marcusgipps (marcusgipps) wrote,

Exchange, by Paul Magrs

title or description

Now this is a fantastic book. I've read a few of Magrs' things for kids before (which were fun but not necessarily earth-shattering) and some of his Doctor Who novels (which were great but... Doctor Who), and this is streets ahead. In fact, this is streets ahead of any kids book I've read in ages. Clever, touching, funny in places and quite sad/scary in others, suffused with a love of books and stuffed with wonderful - and, more importantly, real - characters, I really can't rave about it enough.

Simon's parents have just died, so he moves in with his Grandparents in their little bungalow. Like Simon, his grandmother is a voracios reader - but his grandfather doesn't like books, and dislikes the fact that the piles of paperbacks are taking over his house. Simon is having a bad time of things - having to settle in to a new school, loss of his parents, trying to learn how to live with these old people - but he has his books, and he and his grandmother have their weekly ritual. At the weekend, they get on the bus and go to a nearby town, where they scour the charity shops and second hand bookshops, bringing their discoveries home to add to the stacks of books, and to aggravate Simon's grandfather. Then, one day, quite by chance, they ind a shop neither of them have seen before - the Exchange. And everything changes for them.

The Exchange is a secondhand bookshop, but one with a slight difference. As the name suggests, once a book is bought, it can be returned to the shop to be exchanged for credit towards something else. But the man who runs the Exchange, Terrance (who has fake plastic arms, for reasons that become clear only very late on in the book) takes the idea a little further - books must be returned, because he only stocks books that will mean something to someone, and if you haven't found the one for you it must come back so someone else can find it. That sounds a little mystical, but it makes sense within the book, which is defiantly unmagical and mundane. The Exchange also has Kelly, a gothic girl who has a huge impact on the lonely Simon - he has a new friend, and she is a girl as well, a fact that causes much amusement for his Grandparents.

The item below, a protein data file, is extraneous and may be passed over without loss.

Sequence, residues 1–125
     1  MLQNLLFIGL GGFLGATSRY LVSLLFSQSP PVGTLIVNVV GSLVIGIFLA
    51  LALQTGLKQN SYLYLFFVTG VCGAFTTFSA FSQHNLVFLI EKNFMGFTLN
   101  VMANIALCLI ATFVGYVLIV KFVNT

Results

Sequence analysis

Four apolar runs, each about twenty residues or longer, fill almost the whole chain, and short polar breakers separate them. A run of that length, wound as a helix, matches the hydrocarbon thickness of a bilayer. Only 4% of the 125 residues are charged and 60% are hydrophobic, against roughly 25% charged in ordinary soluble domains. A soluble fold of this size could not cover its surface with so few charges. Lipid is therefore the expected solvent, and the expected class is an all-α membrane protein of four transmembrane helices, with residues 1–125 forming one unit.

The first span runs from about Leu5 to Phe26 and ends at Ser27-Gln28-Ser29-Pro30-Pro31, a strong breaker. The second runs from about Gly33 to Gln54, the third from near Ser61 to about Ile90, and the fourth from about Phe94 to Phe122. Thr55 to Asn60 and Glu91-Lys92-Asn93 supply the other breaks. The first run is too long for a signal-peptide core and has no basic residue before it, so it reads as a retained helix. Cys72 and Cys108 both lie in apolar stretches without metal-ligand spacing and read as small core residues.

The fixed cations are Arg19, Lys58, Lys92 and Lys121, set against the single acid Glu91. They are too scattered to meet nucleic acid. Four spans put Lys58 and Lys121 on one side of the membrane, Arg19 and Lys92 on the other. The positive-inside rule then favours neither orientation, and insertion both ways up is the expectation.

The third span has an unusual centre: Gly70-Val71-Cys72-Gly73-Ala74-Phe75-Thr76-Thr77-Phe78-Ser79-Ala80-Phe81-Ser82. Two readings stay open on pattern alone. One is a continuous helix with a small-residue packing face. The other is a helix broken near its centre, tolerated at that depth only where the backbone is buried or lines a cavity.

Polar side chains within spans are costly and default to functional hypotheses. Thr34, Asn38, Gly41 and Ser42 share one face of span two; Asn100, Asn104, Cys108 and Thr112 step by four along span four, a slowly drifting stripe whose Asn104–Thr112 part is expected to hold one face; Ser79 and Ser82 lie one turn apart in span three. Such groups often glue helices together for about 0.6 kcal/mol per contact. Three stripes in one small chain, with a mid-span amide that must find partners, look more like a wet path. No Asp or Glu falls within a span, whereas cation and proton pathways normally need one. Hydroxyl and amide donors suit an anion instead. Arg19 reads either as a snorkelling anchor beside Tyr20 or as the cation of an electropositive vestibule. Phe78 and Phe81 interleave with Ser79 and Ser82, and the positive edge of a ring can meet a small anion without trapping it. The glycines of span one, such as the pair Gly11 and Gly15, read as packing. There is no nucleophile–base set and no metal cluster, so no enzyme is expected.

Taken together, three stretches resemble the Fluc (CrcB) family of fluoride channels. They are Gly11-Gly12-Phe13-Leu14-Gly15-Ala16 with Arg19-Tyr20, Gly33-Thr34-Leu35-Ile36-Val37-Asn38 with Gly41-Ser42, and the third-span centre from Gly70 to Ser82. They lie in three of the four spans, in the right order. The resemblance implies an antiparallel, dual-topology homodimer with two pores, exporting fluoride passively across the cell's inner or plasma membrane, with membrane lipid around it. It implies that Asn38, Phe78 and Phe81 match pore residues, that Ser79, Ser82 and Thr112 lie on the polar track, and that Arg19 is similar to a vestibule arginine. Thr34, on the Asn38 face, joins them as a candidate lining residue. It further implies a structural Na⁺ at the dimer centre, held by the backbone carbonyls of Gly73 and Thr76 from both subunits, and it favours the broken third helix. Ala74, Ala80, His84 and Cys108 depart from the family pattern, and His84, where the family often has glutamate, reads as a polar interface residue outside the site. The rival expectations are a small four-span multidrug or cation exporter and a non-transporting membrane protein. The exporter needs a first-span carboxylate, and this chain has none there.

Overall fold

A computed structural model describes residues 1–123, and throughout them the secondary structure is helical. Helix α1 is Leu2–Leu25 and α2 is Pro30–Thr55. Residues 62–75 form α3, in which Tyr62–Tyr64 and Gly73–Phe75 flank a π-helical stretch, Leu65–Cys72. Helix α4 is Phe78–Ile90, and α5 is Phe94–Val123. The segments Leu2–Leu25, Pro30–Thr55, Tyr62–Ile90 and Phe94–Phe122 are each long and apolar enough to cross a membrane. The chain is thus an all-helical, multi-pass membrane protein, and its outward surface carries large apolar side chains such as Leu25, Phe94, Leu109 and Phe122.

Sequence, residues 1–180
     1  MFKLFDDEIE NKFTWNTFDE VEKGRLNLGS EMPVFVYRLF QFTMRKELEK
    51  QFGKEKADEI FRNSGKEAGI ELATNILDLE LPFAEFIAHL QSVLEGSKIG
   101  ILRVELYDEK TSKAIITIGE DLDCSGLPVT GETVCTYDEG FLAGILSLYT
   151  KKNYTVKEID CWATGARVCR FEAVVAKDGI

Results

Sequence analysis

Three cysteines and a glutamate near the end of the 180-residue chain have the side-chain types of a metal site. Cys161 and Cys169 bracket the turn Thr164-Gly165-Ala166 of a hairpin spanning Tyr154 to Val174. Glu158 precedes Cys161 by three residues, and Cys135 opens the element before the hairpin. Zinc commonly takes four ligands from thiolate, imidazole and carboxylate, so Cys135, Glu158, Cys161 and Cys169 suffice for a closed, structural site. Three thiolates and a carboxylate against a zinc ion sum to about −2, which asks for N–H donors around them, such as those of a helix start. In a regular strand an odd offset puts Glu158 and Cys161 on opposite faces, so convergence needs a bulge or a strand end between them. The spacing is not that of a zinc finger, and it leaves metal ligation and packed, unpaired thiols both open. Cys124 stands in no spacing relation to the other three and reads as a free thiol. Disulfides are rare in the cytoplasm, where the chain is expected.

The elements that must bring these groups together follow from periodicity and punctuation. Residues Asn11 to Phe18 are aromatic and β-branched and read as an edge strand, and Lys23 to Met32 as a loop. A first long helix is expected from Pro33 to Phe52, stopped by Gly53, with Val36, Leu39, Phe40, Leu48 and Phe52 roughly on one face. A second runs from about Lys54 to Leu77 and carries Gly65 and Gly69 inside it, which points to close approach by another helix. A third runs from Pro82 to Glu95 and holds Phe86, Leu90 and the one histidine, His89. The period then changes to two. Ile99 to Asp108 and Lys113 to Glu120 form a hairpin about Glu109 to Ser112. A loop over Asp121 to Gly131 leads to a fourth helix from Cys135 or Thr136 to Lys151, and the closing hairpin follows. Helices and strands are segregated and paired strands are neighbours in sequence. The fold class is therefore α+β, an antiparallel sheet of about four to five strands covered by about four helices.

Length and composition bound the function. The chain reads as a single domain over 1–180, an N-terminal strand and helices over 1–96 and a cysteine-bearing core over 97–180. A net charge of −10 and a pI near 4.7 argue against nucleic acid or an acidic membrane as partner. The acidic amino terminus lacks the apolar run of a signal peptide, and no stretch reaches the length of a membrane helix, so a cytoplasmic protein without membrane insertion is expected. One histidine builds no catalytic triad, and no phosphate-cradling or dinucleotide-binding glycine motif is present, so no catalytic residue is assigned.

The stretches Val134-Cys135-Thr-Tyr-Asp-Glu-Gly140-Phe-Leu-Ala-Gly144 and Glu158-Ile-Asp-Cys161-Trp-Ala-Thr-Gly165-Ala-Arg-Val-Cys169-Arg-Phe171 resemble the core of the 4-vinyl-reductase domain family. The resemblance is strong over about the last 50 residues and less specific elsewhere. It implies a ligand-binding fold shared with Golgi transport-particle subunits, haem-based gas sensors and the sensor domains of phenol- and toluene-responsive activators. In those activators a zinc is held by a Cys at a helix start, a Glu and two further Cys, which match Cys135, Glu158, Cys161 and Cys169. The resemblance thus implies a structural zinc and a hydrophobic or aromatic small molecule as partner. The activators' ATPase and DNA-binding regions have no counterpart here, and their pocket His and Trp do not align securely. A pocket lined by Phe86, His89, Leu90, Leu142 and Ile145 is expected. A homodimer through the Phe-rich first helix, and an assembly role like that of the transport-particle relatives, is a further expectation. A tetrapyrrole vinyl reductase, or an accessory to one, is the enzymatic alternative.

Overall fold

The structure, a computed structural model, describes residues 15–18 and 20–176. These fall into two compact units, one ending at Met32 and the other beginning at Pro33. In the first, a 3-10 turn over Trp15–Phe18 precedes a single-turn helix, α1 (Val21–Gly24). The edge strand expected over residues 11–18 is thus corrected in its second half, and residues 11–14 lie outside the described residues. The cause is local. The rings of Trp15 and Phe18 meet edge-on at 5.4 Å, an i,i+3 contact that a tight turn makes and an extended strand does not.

I won't give much more away, because one of the joys of the book is the way in which it suddenly heads off in unexpected directions. But every plot development and twist is wonderfully handled and seems completely right for the moment, even if some of them are a little unlikely. The book doesn't talk down to its audience - in fact, although marketed as a kids book, this would really sit better in adult fiction, in a Curious Incident way - and, brilliantly, doesn't suggest that there are happy endings to all stories. There isn't always a sad one, either - sometimes things just happen that are neither good nor bad. By the end of the book, Simon's life has changed dramatically, purely because of a chance decision to go into a specific bookshop - but his life still isn't perfect, his parents are still dead, and he still has to go to school in the morning. Books aren't always the answer, because people are infinitely more complex than any possible portrayal of them - but they are also the most important thing in the world, because they can change your life, your ideas, your beliefs, who you are. I really can't recommend this one highly enough.

I read a proof of this, 14/01/06 to 16/01/06. It is published in Hardback in April, ISBN: 1416916628.
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